I read a book called Building a StoryBrand by Donald Miller. People don’t want to hear how you are the hero. They want to be the hero of their own story. You are otherwise the guide. You’re the Obi-Wan Kenobi to the Luke Skywalker, they’re the Luke Skywalker. They’re looking for their Obi-Wan. If you can set yourself up as the Obi-Wan to fight the evil and get the bad guy, then they can become the hero of their own story. It goes back to a lot of what I hear from marketers is that they don’t want to necessarily hear about how you’re going to heal their knee pain. They want to know how you’re going to get them back to golf or tennis or things that they want to do, a lifestyle.
It’s often said that people don’t make decisions based on information. They make them based on feelings. That’s how most of us make most of our decisions. That’s the case with me. We analyze everything, but in reality, we would be paralyzed if we analyze everything to the point of decision. We all do things on emotion. Nathan, it’s important to be fit for them to feel comfortable and to like you. Thinking that you will be a good guide where they can say, “Show me the way,” what a relief that is for people.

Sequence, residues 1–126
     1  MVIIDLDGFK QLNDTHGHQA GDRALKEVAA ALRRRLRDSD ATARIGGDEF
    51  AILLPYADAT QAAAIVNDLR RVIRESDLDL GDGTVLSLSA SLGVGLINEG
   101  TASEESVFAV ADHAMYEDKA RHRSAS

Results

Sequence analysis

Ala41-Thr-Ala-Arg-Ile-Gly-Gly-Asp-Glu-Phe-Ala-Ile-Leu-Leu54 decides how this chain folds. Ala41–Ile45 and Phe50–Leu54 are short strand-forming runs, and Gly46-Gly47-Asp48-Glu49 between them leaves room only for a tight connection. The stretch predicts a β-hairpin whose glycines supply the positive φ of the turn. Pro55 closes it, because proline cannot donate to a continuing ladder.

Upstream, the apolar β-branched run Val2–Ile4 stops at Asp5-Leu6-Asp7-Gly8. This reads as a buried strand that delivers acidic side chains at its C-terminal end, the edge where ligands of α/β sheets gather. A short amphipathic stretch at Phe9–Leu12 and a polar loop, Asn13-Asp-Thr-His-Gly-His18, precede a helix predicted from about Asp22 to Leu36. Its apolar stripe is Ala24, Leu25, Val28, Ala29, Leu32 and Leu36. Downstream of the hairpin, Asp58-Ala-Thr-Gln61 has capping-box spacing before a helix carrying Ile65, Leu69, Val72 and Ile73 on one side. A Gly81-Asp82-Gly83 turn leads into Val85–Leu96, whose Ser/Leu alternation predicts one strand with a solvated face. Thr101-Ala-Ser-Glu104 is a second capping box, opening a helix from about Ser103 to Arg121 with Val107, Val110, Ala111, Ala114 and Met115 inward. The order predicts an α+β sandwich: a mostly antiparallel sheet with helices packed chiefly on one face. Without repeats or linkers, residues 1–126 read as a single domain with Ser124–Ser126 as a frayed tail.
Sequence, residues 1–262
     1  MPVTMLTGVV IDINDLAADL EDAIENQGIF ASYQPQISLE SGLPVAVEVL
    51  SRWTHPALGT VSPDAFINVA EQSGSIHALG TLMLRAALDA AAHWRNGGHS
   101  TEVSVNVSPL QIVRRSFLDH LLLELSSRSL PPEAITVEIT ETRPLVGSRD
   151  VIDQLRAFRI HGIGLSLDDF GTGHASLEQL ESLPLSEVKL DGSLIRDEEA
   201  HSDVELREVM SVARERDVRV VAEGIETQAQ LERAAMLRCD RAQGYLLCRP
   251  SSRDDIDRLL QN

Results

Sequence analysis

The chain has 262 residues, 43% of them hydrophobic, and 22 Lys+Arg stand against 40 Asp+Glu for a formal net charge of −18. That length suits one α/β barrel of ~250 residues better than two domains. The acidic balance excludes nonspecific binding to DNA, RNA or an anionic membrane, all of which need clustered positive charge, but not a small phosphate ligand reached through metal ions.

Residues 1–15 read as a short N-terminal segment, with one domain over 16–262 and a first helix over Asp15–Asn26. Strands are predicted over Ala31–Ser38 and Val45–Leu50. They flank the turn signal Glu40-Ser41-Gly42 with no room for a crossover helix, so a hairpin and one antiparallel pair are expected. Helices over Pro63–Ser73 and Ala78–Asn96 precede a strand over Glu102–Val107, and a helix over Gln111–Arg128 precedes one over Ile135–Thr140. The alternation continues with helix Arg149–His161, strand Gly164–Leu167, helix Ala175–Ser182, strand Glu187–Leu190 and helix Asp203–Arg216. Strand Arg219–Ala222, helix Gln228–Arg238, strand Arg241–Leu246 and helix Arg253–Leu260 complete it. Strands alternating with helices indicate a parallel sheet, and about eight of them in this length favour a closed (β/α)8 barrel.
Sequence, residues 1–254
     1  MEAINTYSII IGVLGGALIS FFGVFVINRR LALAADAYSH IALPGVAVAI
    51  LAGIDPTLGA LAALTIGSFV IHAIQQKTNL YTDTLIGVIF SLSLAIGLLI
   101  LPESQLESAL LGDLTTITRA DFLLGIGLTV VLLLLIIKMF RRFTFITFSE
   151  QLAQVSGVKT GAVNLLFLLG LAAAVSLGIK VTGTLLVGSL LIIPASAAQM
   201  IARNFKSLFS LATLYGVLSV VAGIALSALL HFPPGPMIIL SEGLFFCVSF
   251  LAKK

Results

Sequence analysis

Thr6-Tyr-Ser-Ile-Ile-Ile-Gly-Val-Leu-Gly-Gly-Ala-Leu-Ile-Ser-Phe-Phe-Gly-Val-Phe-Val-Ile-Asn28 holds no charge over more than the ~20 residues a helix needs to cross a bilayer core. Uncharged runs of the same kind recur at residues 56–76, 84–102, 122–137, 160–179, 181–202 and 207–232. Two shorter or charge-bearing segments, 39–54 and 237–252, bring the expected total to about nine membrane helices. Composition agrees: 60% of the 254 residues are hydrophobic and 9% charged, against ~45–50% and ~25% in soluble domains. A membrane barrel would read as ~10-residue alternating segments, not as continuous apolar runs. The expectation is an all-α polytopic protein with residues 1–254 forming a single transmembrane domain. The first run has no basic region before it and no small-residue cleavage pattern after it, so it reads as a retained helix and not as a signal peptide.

What are some of the successful actions you’re doing online to create this funnel of available patients and to maintain them? Are you on social media? Is it email campaigns? Are you using some postcards? What are you doing?
We’re doing work on Facebook and Google and email campaigns. Those are our main ways that we’re reaching people now. Our website captures a lot. If you do all this stuff well, it’s great for your SEO because it directs people back to your website. I’m a great student of Facebook and I utilize it for work fantastically I feel, but I am not a great partaker of Facebook. I’m not one that can sit there and look at whatever I was thinking now about the same thing or something. My wife tells me that every single lady that she knows is on Facebook. Thankfully, our wives, the ladies, the ones who make decisions about our healthcare, those are the folks that you want to hit. Those are the folks that make good decisions based on their emotions. They’ve got great instincts. If you can connect in the Facebook world, ladies and seniors are probably prevalent on Facebook, a bit more than younger fellows. It’s a great opportunity for us that there’s a great group to connect with.